Influence of the Soviet Bloc
The Soviet Union is one of the main contributors to the violence in Africa during the Cold War, and some of the conflicts that happen in Africa today are because of how the Soviet Union had militaristic policies in Africa during the Cold War. Angola can be an example of how the Soviet Union played a huge part in the development of Central Africa during the Cold War. During the Angolan civil war, the Soviet-backed MPLA survived only because of the support that the Soviet Union and Cuba gave. The reason that the Soviet Union was so active during the cold war in Africa is due in part to the fact that the resources that the Soviet Union had access to was appealing to many African states. Some African states were more ideologically aligned with the Soviet Union after independence; a more socialist, worker-oriented society was appealing after decades of capitalist exploitation. Additionally, African states also wanted to work with the Soviet Union because it would help distance the African states away from their former European colonizers. After the fall of the Soviet Union, the Afro-Soviet trade started a downturn, yet in certain sectors, Russia remained influential. Russia set up the Russia–African Business Council in 2002 that would help with oil, gas, and tourism.
Influence of the U.S. and its Allies
During the 1970s, many African states adopted more market-oriented economic policies and concentrated their economic production around capitalism, perhaps representing the persuasive influence of the United States and the Western Bloc, though lending policies by the International Monetary Fund and the World Bank (both dominated by the United States), also compelled countries to transition their economies to capitalism. However, in spite of this, because of the heavy dependency both on colonial powers prior to decolonization and then the superpowers afterward, each economy had a strong element of state interventionism –so it become almost capitalism with a twist because of the reliance on colonial money prior to independence. With food, what this meant is that alongside the emphasis on export and trades to increase growth, the primary production methods that were set up within the state pushed for food production based on increasing self-sufficiency of the populations. Arguably, perhaps, food production was the most “socialist” aspect of post-American-supported states, owing to the high level of state control prior to the economic crisis of the 1980s. Ohaegbulam shows that during the 1970s, most of the superpower support, especially from the US, came in the form of food aid, which would clearly improve access to food for those under the Western bloc.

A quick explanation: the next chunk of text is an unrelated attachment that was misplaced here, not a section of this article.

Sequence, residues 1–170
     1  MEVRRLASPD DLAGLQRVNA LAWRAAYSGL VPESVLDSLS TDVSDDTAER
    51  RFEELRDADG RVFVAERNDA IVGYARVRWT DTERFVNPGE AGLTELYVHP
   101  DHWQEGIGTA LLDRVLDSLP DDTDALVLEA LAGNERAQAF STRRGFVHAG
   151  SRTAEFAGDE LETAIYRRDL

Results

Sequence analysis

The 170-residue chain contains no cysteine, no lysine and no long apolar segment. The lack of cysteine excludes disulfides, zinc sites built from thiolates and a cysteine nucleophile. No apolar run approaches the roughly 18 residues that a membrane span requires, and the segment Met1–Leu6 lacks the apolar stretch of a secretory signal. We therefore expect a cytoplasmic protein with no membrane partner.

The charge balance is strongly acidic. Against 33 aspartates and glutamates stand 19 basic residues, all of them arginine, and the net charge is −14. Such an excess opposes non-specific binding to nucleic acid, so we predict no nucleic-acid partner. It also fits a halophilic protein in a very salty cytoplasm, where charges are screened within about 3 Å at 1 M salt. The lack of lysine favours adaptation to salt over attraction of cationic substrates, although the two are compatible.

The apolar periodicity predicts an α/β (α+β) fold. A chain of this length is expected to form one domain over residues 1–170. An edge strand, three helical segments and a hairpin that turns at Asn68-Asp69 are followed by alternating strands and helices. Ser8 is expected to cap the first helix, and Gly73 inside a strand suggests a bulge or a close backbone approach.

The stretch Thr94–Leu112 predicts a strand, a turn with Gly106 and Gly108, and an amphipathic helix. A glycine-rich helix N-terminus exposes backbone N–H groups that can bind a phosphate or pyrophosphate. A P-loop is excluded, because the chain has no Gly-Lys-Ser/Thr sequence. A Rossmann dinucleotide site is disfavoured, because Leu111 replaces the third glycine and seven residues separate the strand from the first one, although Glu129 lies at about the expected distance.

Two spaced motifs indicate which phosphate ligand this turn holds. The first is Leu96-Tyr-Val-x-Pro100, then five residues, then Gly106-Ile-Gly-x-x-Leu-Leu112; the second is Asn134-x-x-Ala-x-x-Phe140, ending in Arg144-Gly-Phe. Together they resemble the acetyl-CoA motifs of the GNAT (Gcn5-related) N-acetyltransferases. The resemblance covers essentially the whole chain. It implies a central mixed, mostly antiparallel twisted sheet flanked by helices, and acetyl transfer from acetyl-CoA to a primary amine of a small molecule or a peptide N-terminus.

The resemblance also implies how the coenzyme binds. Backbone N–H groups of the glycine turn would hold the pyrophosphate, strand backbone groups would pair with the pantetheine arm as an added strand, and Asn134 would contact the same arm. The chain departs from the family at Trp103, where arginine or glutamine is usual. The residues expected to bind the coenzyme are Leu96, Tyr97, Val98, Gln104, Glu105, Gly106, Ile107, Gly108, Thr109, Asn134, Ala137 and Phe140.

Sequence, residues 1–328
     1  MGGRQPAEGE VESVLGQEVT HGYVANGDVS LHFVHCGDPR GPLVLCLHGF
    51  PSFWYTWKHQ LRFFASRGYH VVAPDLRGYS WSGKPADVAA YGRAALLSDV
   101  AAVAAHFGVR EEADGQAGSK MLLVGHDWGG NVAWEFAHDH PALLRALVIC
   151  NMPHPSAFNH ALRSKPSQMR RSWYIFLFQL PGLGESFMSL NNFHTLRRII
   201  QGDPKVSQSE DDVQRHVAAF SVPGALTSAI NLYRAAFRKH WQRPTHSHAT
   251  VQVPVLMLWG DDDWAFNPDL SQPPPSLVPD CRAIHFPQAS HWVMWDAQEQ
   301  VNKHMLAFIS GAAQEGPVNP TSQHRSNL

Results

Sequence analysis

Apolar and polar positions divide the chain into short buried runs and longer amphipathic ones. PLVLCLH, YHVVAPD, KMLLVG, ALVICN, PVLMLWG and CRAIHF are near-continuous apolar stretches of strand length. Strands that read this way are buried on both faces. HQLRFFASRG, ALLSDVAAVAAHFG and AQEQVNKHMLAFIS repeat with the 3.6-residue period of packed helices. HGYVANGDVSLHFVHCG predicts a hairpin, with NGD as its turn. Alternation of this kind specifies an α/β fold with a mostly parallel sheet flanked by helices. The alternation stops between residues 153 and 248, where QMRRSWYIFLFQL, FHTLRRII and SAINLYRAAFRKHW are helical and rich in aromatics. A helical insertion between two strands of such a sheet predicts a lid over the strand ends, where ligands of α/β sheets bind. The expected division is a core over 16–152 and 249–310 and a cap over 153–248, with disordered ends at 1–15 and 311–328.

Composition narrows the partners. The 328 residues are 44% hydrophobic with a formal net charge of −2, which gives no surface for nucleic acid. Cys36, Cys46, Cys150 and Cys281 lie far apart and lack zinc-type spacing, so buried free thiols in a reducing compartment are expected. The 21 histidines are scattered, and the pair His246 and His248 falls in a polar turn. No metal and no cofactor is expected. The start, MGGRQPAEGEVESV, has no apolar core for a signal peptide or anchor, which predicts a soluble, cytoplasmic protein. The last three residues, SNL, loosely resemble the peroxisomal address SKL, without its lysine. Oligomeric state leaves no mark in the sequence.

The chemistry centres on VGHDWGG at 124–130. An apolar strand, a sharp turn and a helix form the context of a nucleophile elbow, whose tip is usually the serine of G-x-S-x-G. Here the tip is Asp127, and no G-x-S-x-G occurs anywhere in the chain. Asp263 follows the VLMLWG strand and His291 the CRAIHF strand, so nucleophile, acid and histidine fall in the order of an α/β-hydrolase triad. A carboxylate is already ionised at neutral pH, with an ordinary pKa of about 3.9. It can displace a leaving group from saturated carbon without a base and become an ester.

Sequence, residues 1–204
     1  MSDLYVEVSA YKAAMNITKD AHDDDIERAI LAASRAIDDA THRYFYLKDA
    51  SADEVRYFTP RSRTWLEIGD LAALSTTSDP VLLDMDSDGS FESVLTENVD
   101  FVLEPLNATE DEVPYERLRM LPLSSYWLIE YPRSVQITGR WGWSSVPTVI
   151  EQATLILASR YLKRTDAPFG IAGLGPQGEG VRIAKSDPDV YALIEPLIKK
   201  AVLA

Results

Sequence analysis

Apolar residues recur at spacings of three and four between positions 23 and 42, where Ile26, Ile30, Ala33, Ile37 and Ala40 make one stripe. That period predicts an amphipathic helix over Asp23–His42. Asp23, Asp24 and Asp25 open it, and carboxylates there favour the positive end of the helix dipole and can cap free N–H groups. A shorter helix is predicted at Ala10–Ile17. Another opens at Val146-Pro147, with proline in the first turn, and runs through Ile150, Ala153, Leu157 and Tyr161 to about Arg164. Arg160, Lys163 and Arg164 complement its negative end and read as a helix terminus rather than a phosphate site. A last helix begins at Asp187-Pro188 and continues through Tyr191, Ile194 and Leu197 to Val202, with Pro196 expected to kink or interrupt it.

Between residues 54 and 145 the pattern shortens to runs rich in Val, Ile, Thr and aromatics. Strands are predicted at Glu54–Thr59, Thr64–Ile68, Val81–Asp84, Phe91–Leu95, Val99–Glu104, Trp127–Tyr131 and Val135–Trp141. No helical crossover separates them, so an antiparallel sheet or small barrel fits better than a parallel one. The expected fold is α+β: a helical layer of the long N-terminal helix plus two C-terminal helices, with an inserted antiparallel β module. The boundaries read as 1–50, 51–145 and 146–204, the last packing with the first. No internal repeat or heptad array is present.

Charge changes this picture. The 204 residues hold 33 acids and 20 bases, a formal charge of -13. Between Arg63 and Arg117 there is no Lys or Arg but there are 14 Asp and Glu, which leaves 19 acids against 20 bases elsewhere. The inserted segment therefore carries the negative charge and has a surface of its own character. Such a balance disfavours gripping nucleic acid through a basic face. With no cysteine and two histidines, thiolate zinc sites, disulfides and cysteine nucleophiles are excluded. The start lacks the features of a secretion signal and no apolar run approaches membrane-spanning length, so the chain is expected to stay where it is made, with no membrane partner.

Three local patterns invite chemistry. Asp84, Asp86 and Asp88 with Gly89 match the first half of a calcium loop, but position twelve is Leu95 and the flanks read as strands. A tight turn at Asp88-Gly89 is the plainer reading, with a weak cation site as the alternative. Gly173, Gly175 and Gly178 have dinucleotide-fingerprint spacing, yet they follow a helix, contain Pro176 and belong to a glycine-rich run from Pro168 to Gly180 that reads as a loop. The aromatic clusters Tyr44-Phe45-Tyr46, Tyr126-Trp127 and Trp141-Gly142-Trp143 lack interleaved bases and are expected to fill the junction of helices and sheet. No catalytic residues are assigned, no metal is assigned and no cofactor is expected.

Englebert, Pierre, and Kevin C. Dunn. Inside African Politics. Boulder, CO: Lynne Rienner Publishers, 2013.
Perlez, Jane. “After the Cold War: Views From Africa; Stranded by Superpowers, Africa Seeks an Identity.” The New York Times. May 17, 1992. Accessed November 24, 2018. https://www.nytimes.com/1992/05/17/world/after-cold-war-views-africa-stranded-superpowers-africa-seeks-identity.html.
Ugboaja, Ohaegbulam F. “The United States and Africa after the Cold War.” Africa Today 39, no. 4 (1992): 19-34. https://www.jstor.org/stable/4186860.
Stephens, Carla R. “Complementary Tools for Studying the Cold War in Africa.” Journal of Black Studies 43, no. 1 (2012): 95-101. http://www.jstor.org/stable/23215197.